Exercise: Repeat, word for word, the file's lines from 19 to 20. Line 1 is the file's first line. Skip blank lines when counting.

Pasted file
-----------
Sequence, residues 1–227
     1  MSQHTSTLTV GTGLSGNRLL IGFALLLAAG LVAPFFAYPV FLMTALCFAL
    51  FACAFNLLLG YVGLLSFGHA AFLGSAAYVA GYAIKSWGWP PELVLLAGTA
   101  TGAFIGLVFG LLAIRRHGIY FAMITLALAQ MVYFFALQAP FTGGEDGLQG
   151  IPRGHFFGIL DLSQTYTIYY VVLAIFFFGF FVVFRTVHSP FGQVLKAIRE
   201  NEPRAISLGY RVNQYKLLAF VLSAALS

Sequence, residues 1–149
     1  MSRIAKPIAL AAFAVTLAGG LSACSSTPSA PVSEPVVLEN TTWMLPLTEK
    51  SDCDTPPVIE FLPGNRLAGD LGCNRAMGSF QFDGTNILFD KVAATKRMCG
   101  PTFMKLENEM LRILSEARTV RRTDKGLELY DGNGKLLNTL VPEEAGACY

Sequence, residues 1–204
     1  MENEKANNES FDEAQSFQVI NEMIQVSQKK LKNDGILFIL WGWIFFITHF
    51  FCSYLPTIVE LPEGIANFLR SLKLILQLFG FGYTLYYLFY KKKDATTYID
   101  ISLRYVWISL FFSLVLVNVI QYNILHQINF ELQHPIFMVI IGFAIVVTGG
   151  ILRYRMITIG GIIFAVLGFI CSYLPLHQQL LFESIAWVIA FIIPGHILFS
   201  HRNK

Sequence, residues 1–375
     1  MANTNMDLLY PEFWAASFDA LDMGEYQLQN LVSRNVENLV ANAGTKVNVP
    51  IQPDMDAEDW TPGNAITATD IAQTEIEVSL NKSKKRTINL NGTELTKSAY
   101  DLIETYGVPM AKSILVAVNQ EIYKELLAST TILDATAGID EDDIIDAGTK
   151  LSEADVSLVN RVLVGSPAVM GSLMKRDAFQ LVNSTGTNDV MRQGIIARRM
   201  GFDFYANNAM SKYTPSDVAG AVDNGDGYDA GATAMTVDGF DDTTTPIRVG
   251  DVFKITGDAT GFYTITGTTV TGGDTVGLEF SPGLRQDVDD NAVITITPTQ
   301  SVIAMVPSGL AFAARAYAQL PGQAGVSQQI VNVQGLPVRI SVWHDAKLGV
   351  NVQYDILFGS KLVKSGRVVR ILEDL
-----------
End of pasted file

    51  IQPDMDAEDW TPGNAITATD IAQTEIEVSL NKSKKRTINL NGTELTKSAY
   101  DLIETYGVPM AKSILVAVNQ EIYKELLAST TILDATAGID EDDIIDAGTK